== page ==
For Punkhouse, Torie brought an old two story dollhouse to me in the beginning. This became the top floor of the punk house. Josh and I wallpapered and painted different floors for it. I painted the graffiti in the punk house with an airbrush. There are also two modular "room boxes" in the Punk house. One of these is Amy Sarkissian's absolutely essential punk room complete with an empty roll of toilet paper.

The Cat House was the last addition. We called it the Cat House because we sculpted a cat on it and also because we liked that it's another name for a brothel. We named the attic "Flowers in the Attic," after the controversial 1979 teen novel of the same name by V. C. Andrews. We sculpted the walls of the lowest floor to resemble the body of the hollow figure in Hieronymus Bosch's "Garden of Earthly Delights." Without showing the artists the structure, we gave everyone a choice of which house or special room to have their work hung.




Amanda Joy Calobrisi:
Working with 200 artists is no small feat even at dollhouse scale; how did you direct the artists? What boundaries did you set? I would imagine that many of the artists made miniature versions of what they typically do on a larger scale - were there any wild surprises?

Kristin Calabrese:
Controlling the scale was not the reason we made the canvasses, but I think the show might have been impossible if we hadn't. There were a couple artists who brought pieces that were much too big because we didn't get canvasses to them, and I'm sure that would have been the norm.

It's amazing how many of the pieces are recognizable if you know the artists' work. Many are a smaller version of what they would normally do. One real surprise was Spencer Lewis's painting of a Victorian doll that he painted because he has a love for miniature painting. His work that I'd seen previously are much larger gestural abstraction. Tim Stark's painting of a nude muscled man with a huge erection was also surprising because previously I'd only seen his more atmospheric skyscapes.

Amanda Joy Calobrisi:
Because Chicago has so many of DIY gallery spaces, I couldn't help thinking that in some ways the towers were like apartment galleries stacked one atop another. In Japan, often there were galleries on upper floors in seemingly anonymous skyscrapers. What is the gallery landscape of LA like - is the apartment gallery format a ‘thing’ in LA?

Kristin Calabrese: 
This question is funny! Los Angeles is mostly single family homes, warehouses, and strip malls, completely unlike Chicago. The dollhouses just got taller as we added more artists.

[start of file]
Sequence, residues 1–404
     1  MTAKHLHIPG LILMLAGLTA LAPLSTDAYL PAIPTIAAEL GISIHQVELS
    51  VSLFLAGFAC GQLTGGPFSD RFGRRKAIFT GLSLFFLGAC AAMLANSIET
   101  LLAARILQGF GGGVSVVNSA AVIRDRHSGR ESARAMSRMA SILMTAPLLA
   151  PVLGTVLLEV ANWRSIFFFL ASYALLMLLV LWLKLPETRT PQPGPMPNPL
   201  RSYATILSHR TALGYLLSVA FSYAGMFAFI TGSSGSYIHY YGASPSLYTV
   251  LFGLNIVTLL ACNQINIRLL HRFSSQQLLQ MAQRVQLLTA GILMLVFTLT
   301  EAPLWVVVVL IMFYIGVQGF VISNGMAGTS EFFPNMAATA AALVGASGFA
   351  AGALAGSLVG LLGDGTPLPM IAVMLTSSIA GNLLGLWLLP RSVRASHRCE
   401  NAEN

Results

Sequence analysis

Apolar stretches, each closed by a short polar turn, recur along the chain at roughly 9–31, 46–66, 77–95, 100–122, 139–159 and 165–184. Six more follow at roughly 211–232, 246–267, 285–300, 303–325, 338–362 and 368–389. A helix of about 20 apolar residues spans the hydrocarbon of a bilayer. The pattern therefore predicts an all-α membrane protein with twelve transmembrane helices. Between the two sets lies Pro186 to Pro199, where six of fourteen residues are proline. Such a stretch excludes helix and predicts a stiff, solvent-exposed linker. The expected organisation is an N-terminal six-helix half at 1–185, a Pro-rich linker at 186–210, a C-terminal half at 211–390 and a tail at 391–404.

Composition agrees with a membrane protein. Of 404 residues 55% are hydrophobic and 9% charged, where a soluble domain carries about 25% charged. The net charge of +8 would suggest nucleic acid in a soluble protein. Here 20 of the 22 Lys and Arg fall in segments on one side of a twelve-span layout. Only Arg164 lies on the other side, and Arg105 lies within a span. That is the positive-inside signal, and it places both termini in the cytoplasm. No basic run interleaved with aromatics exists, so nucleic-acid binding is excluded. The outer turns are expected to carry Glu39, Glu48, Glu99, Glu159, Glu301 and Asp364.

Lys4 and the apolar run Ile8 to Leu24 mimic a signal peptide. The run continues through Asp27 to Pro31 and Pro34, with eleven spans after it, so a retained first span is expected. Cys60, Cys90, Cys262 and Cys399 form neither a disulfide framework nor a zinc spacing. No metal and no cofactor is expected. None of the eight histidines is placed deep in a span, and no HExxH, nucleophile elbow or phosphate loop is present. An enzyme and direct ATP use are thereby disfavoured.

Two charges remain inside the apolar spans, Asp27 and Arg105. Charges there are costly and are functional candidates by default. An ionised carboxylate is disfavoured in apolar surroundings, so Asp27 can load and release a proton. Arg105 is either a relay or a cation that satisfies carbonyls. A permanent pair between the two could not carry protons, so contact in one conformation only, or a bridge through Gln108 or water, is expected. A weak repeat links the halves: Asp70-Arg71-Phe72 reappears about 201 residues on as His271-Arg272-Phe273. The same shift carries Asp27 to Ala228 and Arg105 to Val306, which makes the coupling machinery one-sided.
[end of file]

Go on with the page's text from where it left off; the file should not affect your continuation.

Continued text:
Amanda Joy Calobrisi:
I keep thinking that these towers could function as time capsules and hold ethnographic importance that could be valuable in the future. Have you considered keeping these towers intact?

Kristin Calabrese: 
It breaks my heart thinking that the artwork will leave the houses on September 29th unless some farsighted institution or collector acquires them. We did make the houses with bookshelves in mind though, because one can never have enough bookshelves!

Amanda Joy Calobrisi:
Tell us a little about the Serious Topics project space and what’s next.

Kristin Calabrese: 
"Serious Topics" is an offshoot of my and Josh's stretcher bar company that's called "Stretcher Options." We're permitted to sell art and gifts, so it was sort of a natural extension of our regular business. We made a website for Serious Topics, so I think we'll keep it going even though sometimes we might have shows in other places. We dream of presenting artist solo shows where we'll provide them with all the surfaces for their show custom per their specifications-not necessarily miniature, haha. We probably won't do too many shows though because we're both artists and also busy making our own paintings.

Next up, we will have a booth in the miniature art fair, "Barely Fair" at Julius Caesar in Chicago this September.

All Images courtesy of © Ruben Diaz

Event:Dreamhouse vs. Punkhouse! Plus Cathouse
Hours:Monday – Friday from 2pm – 6pm; by appointment ONLY email
Period:March 23 – September 29, 2019
Place:Serious Topics
Address:1207 N. La Brea Ave. #300, Ingelwood CA